an Diabetes is a growing concern in the aged care setting. It is now estimated that up to 25% of residents in an aged care setting can have diabetes and this number is likely to grow due to our ageing population.
What is Diabetes?
Diabetes occurs when the body can no longer control the amount of glucose in the blood which leads to high blood glucose levels. Glucose is classified as a carbohydrate. Examples of carbohydrate foods are breads and cereals, rice, pasta, potato, dairy foods, fruit, cakes, biscuits, soft drinks and juices. Over a long period of time, uncontrolled diabetes can cause complications such as heart disease, foot ulcers, kidney failure and vision loss.
There are two types of Diabetes. Type 1 diabetes is an autoimmune disease where the body destroys the cells that produce insulin. This is a less common form of diabetes and only 10–15% of people with diabetes have this type. Type 2 diabetes is the more common type and affects 85–90% of all people with diabetes.
Diabetes in an aged care setting
It can be challenging to manage diabetes in an aged care setting as it can be a balancing act between controlling blood glucose levels, optimising quality of life and preventing malnutrition or unwanted weight loss amongst residents. Unnecessary dietary restrictions that can result in a decreased food and fluid intake and place the resident at an increased risk of malnutrition is not recommended. The main goal should be on meeting the individual’s dietary requirements and promoting enjoyment of meals instead of focusing on tight control of blood glucose levels.
Diabetes and diet myths in aged care
‘People with diabetes can’t eat sugar’ – False.
It is a common misconception that diabetic residents should avoid sugar. However, residents should be able to enjoy sugar in moderate amounts, such as having jam on their toast, a glass of orange juice with breakfast, sugar in their tea or coffee, and their desserts.
‘Residents with diabetes should be provided with a diabetic diet’ – False.
A well planned and balanced menu should be provided to all aged care residents. Residents with diabetes do not need to have special foods such as artificial sweetener or sugar-free lollies, jams or drinks. Research has now shown that residents with diabetes should enjoy a balanced and liberal diet and do not need to follow a separate ‘diabetic diet’.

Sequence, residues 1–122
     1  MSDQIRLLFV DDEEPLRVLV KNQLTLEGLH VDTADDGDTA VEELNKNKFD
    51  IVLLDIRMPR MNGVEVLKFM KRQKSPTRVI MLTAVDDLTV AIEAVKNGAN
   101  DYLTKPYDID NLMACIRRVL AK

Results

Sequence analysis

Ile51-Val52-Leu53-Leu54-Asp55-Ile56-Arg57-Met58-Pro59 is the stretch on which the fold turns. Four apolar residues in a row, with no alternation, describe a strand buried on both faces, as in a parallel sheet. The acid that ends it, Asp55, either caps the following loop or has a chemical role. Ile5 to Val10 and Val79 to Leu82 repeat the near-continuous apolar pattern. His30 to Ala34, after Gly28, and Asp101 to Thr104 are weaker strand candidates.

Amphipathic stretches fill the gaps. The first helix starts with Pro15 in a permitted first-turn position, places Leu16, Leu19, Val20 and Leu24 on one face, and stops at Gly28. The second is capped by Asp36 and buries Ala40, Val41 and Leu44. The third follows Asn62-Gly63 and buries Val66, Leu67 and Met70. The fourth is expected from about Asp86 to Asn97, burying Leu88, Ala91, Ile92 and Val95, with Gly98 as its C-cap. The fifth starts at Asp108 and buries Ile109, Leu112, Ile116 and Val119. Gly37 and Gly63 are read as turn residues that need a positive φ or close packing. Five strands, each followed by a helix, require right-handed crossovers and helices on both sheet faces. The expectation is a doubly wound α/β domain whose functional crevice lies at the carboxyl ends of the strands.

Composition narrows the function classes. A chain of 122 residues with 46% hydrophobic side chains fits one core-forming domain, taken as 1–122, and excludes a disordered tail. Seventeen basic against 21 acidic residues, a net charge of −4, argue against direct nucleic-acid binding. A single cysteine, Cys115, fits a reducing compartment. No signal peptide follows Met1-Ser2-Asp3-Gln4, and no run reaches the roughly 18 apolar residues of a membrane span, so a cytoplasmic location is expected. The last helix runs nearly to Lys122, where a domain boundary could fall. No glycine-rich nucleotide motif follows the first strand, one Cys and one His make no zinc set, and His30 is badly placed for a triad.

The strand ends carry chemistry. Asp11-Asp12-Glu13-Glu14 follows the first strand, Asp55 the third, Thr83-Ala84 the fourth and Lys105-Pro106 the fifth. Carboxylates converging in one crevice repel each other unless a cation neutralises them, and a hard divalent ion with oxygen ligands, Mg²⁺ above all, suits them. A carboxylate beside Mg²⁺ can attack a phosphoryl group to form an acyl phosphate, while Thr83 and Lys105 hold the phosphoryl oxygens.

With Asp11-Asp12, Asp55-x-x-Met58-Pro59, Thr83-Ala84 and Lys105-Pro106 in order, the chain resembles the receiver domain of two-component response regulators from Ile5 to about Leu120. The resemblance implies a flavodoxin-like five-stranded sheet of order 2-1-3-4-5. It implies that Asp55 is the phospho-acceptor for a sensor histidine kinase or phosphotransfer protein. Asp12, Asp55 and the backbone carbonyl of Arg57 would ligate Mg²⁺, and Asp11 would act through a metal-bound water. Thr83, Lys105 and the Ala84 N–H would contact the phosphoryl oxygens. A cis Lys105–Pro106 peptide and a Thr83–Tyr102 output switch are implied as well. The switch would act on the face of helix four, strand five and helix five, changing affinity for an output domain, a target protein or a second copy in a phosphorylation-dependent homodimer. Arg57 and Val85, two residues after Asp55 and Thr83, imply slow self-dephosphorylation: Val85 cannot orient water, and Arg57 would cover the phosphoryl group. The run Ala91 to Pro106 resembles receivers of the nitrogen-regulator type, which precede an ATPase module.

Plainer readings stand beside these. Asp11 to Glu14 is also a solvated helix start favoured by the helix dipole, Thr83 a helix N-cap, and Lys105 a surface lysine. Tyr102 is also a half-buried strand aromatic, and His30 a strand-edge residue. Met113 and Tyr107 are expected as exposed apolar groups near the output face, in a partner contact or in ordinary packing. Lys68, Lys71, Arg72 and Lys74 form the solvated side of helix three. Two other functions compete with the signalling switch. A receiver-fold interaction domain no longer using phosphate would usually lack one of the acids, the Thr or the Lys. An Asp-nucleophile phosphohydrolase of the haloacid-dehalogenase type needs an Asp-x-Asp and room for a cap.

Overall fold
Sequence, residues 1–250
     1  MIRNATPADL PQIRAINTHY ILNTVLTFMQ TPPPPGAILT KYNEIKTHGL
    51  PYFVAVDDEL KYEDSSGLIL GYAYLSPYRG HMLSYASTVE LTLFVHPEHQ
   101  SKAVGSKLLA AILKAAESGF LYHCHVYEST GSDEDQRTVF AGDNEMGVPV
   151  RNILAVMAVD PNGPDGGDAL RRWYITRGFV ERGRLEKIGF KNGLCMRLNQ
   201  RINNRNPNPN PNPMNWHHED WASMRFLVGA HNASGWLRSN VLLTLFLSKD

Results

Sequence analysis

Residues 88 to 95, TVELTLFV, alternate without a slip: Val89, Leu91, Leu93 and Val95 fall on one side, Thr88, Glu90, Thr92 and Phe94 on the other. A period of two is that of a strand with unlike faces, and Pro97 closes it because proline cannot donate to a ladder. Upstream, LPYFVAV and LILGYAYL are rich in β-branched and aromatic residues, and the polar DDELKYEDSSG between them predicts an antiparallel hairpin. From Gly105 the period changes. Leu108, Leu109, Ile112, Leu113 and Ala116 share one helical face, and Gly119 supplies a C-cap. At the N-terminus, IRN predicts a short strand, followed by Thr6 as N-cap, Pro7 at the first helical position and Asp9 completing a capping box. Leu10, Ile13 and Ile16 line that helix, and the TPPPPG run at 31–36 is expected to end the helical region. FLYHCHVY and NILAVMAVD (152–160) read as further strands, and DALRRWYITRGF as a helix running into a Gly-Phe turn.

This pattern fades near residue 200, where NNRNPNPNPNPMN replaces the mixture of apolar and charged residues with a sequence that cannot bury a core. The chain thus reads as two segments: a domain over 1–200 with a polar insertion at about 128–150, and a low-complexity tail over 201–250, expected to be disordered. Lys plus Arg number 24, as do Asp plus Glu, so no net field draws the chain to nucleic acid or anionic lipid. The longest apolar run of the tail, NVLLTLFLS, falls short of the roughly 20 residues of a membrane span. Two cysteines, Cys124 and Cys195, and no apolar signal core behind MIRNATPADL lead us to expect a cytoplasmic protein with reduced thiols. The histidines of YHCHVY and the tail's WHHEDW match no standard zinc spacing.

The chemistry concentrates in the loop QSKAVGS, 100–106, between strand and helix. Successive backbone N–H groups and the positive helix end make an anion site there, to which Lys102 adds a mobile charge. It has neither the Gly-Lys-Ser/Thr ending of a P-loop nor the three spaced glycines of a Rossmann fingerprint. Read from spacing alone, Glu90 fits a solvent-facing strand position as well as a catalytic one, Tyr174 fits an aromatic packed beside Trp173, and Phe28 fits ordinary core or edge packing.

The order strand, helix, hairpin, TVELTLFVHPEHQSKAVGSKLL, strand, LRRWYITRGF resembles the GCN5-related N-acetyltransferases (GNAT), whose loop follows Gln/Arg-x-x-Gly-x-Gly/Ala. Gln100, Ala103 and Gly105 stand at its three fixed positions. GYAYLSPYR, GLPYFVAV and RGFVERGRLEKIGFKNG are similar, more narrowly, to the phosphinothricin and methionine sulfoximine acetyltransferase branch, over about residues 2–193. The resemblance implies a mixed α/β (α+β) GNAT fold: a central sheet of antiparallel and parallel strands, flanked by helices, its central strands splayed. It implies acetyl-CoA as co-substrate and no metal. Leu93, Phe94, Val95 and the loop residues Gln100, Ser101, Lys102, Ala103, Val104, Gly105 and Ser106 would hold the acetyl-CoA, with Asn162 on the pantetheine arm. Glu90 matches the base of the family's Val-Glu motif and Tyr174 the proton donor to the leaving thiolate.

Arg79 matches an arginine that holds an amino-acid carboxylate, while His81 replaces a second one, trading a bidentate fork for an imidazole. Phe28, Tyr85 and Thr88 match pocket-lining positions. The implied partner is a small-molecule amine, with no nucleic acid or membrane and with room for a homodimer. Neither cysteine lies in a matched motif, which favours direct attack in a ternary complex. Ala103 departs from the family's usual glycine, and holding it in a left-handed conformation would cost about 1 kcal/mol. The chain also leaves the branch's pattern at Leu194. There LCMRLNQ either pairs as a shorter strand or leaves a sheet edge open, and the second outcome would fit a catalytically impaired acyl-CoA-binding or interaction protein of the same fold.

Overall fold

Diet tips for Residents with Diabetes:
Ensure there is an even distribution of carbohydrate containing foods at each meal and snacks. This should be consistent with the regular menu that is offered to all residents.
Avoid hypoglycaemia. Hypoglycaemia occurs when blood glucose levels fall too low and can arise in residents who take some oral hypoglycaemic medications or are receiving insulin. Common dietary causes of hypoglycaemia can include missing a meal or snack, long periods of time without eating or a low intake of carbohydrate foods. Hypoglycaemia can occur overnight but a way to help avoid it occurring can be to ensure a suitable snack before bed is provided, such as a milk drink, sandwich or yoghurt and fruit.
Ordinary jam, honey, regular ice-cream, sugar with tea/coffee, the main dessert, cakes and muffins should all be offered to residents with diabetes. Diet products are not necessary.
Fresh fruit should always be available.
Keep hydrated. Drinking adequate amounts of water is important for residents with diabetes as being dehydrated can negatively impact on blood glucose levels.
It is always important to get individualised dietary advice for residents with diabetes from an Accredited Practising Dietitian.
To talk to one of our friendly representatives about our dietetic services please contact us today.